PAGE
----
TALLAHASSEE, Fla. - This is the end for the wild concert 41 years ago that left Jim Morrison marked with what today would be considered sex-offender status.

Florida's Clemency Board, urged on by departing Gov. Charlie Crist, pardoned The Doors' late singer Thursday for indecent-exposure and profanity convictions stemming from the show.

Some people who were at the Miami concert March 1, 1969, insist even today that he exposed himself, though others in the audience and Morrison's bandmates contend he was just teasing the crowd and only pretended to do the deed. Crist, tuned in to the controversy by a Doors fan, said there was enough doubt about what happened at the Dinner Key Auditorium to justify a pardon.

The board, which includes Crist, voted unanimously to pardon Morrison as it granted several other pardons. The governor called the convictions a "blot" on the record of an accomplished artist for "something he may or may not have done."

Crist said Morrison died before he was afforded the chance to present his appeal, so he was doing that for him. Board members pointed out that they couldn't retry the case but that the pardon forgave Morrison.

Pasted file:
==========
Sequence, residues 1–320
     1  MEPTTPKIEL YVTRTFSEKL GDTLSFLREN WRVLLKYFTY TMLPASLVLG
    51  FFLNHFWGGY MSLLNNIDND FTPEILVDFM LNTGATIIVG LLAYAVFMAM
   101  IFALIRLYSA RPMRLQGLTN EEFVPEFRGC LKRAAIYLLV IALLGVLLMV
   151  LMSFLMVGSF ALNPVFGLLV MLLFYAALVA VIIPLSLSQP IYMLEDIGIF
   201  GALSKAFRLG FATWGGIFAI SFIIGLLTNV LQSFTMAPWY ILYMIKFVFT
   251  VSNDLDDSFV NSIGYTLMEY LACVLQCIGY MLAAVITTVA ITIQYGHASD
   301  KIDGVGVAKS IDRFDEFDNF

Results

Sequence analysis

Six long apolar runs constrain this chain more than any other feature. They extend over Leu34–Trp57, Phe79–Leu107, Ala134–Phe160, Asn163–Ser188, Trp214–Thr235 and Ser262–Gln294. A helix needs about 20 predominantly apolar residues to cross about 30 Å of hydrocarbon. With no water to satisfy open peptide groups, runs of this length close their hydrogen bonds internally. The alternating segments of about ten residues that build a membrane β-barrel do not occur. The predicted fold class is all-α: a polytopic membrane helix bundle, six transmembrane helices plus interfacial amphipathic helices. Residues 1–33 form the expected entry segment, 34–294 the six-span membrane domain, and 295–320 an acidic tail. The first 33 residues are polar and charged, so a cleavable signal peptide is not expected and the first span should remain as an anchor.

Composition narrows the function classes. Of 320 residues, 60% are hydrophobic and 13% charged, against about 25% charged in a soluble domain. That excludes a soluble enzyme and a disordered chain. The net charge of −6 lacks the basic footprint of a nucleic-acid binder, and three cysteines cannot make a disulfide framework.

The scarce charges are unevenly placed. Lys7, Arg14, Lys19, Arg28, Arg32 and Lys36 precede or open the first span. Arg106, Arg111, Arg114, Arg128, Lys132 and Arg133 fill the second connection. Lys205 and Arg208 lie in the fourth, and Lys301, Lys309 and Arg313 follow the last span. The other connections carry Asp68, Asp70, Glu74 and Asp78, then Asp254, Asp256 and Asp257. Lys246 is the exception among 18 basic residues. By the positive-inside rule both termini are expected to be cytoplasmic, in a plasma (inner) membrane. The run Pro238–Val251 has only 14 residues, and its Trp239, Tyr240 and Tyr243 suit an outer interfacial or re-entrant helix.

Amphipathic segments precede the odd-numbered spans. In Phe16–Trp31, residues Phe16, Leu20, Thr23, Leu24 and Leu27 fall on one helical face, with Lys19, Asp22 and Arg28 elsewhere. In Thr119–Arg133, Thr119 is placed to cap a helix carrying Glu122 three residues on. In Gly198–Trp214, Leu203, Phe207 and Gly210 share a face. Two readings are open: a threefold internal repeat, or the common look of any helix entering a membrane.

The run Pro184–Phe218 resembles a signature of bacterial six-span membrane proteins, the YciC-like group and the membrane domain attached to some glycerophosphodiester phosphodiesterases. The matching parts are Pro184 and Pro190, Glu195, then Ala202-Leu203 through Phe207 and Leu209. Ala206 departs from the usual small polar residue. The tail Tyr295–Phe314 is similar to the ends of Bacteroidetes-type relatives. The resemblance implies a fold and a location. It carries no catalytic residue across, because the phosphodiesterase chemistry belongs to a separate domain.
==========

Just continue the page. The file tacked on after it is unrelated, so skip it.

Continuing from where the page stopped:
"In this case the guilt or innocence is in God's hands, not ours," Crist said.

Morrison had received a six-month jail sentence - never served - and a $500 fine for the 1970 convictions, which carried consequences for the band. Ray Manzarek, The Doors' keyboard player, said Miami was supposed to be the start of a 20-city tour, but every venue canceled after Morrison's arrest.

Morrison's appeals were never resolved. He was found dead in a Paris bathtub in 1971 at age 27.

Manzarek and Doors guitarist Robby Krieger supported the pardon because they said Morrison never exposed himself, though they agreed the move would not change Morrison's outsize, drug-addled, rock-and-roll image.

The pardon isn't enough for Patricia Kennealy Morrison, who said she married Morrison in a ceremony that was never made official. She wanted the convictions expunged and called the pardon "a complete cheap, cynical, political ploy."

Morrison left his estate to another woman, Pamela Courson, a longtime girlfriend who was with him when he died. Courson died in 1974.

Retired Miami Police Sgt. Angel Lago, who came to Tallahassee to speak against the pardon, said while he wasn't on the police force at the time of the concert, a friend testified at the trial that Morrison had exposed himself, and his friend wouldn't have lied under oath.